Today is the September Equinox and this means that the autumn has officially begun, so I want to celebrate this event sharing a series of blog posts about a few places of a land that’s famous worldwide for the beauty of this season: Japan; today I’ll tell you of my experience at the DaigoJi, in Kyoto.
As you probably already know, Japan is an highly desired destination among tourists, travelers and (most of all) photographers, because of the amazing beauty of spring and autumn. Kyoto and its surroundings is obviously one the top choices to enjoy these two seasons in their full glory, there are so many ancient temples and shrines, parks, walks, natural spots that it’s hard to decide which location to pick, all the more so if the season, like last year, is late and short. Moreover the most famous places are generally under siege by hordes of tourists and citizens, so be prepared to sweat in order to conquer your tiny position from where you can enjoy a glimpse of beauty and take a shot.
Among the many locations, one of my last year’s selected candidate has been the DaigoJi temple: to be more precise it’s a complex composed of pavilions, hall of lecture, pagodas and other structures in which the monks of the Shingon buddhist sect conduct their activities. Due to its vast extension (it stretches over a mountainside), the temple complex is adorned with different gardens, so during your walk you’ll be able to enjoy the beauty of a bamboo grove (takebayashi), a wonderful landscape-garden of cherry trees (sakura) restored by Toyotomi Hideyoshi, and many walks and spots rich of maple trees (momiji). For these reasons, the DaigoJi is a recommended place to see in every season; strangely enough, it’s never so crowded as other famous but less interesting temples.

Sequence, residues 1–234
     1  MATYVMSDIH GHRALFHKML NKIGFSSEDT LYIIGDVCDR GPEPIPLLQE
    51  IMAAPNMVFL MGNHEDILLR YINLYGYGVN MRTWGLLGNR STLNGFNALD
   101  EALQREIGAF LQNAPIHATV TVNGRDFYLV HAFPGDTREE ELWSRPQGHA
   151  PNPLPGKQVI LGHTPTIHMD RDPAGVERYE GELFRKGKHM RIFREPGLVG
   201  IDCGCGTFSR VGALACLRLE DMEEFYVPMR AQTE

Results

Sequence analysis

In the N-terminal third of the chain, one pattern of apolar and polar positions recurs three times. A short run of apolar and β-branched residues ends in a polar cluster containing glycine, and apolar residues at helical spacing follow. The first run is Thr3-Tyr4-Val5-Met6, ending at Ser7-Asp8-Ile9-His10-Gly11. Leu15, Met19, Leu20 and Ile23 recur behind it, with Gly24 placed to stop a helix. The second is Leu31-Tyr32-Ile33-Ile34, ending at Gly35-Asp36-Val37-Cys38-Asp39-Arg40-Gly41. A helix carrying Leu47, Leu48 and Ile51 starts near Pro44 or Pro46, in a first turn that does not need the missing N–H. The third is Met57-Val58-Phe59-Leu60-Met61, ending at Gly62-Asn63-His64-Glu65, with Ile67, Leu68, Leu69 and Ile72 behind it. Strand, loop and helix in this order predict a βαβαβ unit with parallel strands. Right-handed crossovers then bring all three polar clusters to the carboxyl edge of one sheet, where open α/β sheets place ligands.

My first visit to the DaigoJi temple has been two years ago in springtime, mainly as a discovery walk; unfortunately I didn’t have enough time to take many photos and between them there are not exceptional ones, but the beauty of that place convinced me to come back in a more favorable situation. So I had the patience to wait for more than a year, planning the shots I wished to take.
So here we are, autumn 2015, crossing the Nio-mon gate (and paying at the same time a quite stiff entrance ticket…) wondering if the colors of autumn will greet our visit. While passing through the bamboo grove and the first halls, we notice that the entire place is very calm and not crowded at all: an ideal condition to enjoy a relaxing walk while snapping some shot. This condition starts to change as we approach the area with the highest presence of momiji trees, that’s also the most iconic location of the DaigoJi: the Benten-do hall. This small pavilion is dedicated to the buddhist goddess Benzaiten, that’s one of the seven gods of fortune and protector of the people, and it rises upon a sort of pedestal made of stones, accessible through a short, rounded bridge; its compact shape, colored with the classical vermilion of japanese sacred structures, reflects itself on a beautiful pond, populated by many carps which, emerging and disappearing hither and yon, resemble elusive spirits. The whole sight is framed by many red momiji, in an amazing explosion of colors that makes me so glad to have had the right timing to catch this chance in a rather short autumn; the other visiting people are as happy as me, enjoying this perfect atmosphere and slowing down a life that in Japan is usually busy and stressful.